A fascinating panel of five Made in Michigan authors read from their latest books: Desiree Cooper (Know the Mother), Michael Delp (Lying in the Dark River’s Bed), Zilka Joseph (Sharp Blue Search of Flame), M.L. Liebler (I Want to Be Once), L.E. Kimball (Seasonal Road). Then the writers discussed their writing process, moderated by Annie Martin, WSU Press Senior Acquisitions Editor.
But there was more.
Before and after: good food, a cash bar, a table of great books . . . and one fascinating event that continued throughout the entire three-hour event. Several of Detroit’s InsideOut Literary Arts Project student participants sat at vintage typewriters and within seven (7!) minutes wrote an on-the-spot poem on any subject given to them.
Just consider, they did this with: no delete function, no Wite-Out, no starting over.
Poet Ashley Rae on Islands
Poet Ashley Rae got the subject of—no real surprise here—“Great Lakes Basin island” from me. Just look what she did with it:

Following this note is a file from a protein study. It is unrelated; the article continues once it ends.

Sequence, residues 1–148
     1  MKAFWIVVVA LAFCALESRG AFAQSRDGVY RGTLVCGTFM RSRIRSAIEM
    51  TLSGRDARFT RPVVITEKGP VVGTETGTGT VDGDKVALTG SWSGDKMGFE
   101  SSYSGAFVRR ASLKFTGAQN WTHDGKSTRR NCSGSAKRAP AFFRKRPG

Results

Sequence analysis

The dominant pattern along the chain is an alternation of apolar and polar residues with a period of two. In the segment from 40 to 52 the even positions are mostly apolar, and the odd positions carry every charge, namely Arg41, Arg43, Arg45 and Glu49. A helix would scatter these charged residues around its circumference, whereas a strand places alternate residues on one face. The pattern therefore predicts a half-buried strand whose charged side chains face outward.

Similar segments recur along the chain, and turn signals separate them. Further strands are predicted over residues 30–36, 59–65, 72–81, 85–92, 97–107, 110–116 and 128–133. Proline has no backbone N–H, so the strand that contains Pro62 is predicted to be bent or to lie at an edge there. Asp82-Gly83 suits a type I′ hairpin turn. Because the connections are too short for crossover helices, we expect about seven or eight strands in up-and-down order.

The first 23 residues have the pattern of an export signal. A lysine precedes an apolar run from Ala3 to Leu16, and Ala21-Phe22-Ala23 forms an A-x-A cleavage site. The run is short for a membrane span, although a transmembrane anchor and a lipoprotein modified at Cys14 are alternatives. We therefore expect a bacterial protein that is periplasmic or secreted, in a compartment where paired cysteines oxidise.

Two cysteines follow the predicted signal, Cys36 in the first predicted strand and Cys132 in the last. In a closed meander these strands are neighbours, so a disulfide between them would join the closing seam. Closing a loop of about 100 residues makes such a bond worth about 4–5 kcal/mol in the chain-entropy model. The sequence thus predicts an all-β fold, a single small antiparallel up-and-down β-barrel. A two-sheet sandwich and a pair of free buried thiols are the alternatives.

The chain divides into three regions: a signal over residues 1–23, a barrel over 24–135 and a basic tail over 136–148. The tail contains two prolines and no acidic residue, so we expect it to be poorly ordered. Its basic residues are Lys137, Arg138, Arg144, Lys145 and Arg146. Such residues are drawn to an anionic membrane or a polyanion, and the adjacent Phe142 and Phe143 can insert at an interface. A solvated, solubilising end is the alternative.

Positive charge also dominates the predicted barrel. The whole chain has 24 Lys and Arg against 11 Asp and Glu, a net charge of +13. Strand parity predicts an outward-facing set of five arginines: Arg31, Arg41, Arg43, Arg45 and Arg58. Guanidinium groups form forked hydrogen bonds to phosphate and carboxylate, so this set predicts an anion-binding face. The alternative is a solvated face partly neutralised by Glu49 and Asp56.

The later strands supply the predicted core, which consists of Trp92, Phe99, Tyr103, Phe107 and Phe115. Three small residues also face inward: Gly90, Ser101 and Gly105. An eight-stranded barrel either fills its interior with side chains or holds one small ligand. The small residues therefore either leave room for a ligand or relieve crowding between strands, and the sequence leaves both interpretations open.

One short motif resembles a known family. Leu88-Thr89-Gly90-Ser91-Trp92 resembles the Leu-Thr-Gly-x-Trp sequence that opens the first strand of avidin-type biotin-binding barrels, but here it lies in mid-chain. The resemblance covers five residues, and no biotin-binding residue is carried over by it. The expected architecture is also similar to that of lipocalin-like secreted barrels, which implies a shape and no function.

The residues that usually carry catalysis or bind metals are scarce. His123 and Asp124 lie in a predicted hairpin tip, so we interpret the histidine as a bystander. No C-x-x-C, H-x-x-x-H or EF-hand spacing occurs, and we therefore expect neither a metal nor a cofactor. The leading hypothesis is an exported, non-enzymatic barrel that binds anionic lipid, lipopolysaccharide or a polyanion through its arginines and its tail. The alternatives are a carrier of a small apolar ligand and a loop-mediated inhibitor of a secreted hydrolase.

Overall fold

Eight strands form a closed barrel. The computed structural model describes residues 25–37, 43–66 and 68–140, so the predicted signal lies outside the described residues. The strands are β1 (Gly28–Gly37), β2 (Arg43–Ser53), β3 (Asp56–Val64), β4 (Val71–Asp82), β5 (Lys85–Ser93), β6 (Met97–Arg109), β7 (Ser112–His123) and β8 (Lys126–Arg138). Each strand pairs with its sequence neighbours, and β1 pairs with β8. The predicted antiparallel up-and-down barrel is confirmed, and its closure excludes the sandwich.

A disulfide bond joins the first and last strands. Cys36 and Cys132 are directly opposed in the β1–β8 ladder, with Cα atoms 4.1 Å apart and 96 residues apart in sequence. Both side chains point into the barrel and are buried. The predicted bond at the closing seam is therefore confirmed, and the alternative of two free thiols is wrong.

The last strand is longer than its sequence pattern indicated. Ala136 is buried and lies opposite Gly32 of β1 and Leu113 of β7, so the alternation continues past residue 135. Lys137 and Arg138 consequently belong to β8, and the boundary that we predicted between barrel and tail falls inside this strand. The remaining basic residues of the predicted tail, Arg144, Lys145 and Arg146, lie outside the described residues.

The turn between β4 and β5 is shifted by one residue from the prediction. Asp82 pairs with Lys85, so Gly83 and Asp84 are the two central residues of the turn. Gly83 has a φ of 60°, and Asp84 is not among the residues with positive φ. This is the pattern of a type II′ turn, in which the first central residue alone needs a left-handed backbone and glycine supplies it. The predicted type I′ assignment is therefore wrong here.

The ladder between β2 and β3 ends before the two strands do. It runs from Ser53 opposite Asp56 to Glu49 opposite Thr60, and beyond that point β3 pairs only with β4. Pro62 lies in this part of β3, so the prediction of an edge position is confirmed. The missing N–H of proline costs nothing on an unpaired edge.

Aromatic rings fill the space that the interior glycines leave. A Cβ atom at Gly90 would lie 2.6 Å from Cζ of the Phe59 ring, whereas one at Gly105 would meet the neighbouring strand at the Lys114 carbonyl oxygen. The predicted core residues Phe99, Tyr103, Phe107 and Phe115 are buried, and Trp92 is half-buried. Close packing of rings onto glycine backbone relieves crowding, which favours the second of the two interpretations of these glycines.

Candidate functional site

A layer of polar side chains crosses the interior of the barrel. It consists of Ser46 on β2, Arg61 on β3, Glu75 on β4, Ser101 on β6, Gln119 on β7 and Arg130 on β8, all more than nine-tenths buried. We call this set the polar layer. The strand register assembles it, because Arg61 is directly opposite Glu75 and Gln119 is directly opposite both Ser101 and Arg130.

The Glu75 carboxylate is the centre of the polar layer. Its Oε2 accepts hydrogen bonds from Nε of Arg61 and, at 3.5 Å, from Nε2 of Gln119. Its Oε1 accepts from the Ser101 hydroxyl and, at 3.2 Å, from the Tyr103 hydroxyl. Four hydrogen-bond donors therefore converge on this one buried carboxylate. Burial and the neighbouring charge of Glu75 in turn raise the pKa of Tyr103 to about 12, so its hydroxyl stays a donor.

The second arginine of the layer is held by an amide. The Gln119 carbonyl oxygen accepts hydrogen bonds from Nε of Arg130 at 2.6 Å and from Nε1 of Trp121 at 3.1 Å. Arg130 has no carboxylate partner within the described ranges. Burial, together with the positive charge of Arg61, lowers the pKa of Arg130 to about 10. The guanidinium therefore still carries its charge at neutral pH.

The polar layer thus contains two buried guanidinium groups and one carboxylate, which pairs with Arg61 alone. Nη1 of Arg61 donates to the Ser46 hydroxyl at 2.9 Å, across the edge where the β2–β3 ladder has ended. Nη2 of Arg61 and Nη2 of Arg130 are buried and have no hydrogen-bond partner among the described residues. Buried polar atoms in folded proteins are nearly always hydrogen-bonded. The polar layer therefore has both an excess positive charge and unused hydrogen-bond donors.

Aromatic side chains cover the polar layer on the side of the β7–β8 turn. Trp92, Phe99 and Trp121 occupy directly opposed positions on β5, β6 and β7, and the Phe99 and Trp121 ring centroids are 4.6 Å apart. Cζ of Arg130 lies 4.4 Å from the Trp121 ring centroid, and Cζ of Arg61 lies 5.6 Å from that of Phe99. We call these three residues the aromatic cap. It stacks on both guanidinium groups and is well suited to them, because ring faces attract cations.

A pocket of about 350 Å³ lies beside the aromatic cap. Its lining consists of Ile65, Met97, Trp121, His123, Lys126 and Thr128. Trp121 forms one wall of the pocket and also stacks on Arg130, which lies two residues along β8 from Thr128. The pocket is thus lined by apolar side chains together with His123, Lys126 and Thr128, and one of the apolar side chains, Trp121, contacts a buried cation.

i am floating,
i am drifting away always.
some days i do not know if i even have a shore.
most days the only thing i am sure of is that
i have never stopped floating from the moment
from the moment i drifted into this atmosphere
i knew that sinking,
just was not an option for me.
— Ashley Rae
The InsideOut Literary Arts Project
“The InsideOut Literary Arts Project (iO) began in 1995 in five Detroit high schools, with weekly classroom visits by a writer-in-residence, the publication of a literary journal for each school, and the mission of encouraging students to use poetry to ‘think broadly, create bravely, and share their voices with the wider world.'”
“Twenty years later, the program serves some five thousand K–12 students per year, has received national exposure and accolades (including a recent visit to the White House), and has seen numerous student writers recognized for their creativity and performance.” (from the WSU Press description of To Light a Fire)
Consider Contributing to the iO Current
The InsideOut Literary Arts Project provides islands of creativity for young people . . . as well as an excellent opportunity for the rest of us to contribute to the buoyancy required for young writers to begin to practice floating before eventually swimming off their islands to the mainland, possibly with each stroke they make becoming more confident that “sinking just [is] not an option.”
Perhaps a seven-minute poem typed on a vintage typewriter could be considered a small thing, at least at first, on the surface.
But, really, what a world-changer!
To Light a Fire